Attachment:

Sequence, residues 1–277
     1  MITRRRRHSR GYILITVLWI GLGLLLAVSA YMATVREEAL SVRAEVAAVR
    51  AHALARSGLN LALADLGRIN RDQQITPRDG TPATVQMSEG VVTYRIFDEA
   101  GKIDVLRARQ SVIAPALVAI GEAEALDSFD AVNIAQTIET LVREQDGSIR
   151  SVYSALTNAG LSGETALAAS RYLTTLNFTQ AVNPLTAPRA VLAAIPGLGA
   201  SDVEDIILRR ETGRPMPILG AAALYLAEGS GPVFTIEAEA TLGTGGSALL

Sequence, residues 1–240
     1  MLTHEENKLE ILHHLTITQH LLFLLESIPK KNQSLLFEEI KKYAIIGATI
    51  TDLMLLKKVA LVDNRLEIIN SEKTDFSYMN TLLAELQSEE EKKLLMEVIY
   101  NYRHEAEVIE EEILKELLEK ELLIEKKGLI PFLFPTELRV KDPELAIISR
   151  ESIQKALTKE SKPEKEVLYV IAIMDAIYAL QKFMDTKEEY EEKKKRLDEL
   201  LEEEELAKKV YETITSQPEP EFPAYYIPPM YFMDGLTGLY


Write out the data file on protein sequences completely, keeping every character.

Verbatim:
Sequence, residues 1–277
     1  MITRRRRHSR GYILITVLWI GLGLLLAVSA YMATVREEAL SVRAEVAAVR
    51  AHALARSGLN LALADLGRIN RDQQITPRDG TPATVQMSEG VVTYRIFDEA
   101  GKIDVLRARQ SVIAPALVAI GEAEALDSFD AVNIAQTIET LVREQDGSIR
   151  SVYSALTNAG LSGETALAAS RYLTTLNFTQ AVNPLTAPRA VLAAIPGLGA
   201  SDVEDIILRR ETGRPMPILG AAALYLAEGS GPVFTIEAEA TLGTGGSALL

Sequence, residues 1–240
     1  MLTHEENKLE ILHHLTITQH LLFLLESIPK KNQSLLFEEI KKYAIIGATI
    51  TDLMLLKKVA LVDNRLEIIN SEKTDFSYMN TLLAELQSEE EKKLLMEVIY
   101  NYRHEAEVIE EEILKELLEK ELLIEKKGLI PFLFPTELRV KDPELAIISR
   151  ESIQKALTKE SKPEKEVLYV IAIMDAIYAL QKFMDTKEEY EEKKKRLDEL
   201  LEEEELAKKV YETITSQPEP EFPAYYIPPM YFMDGLTGLY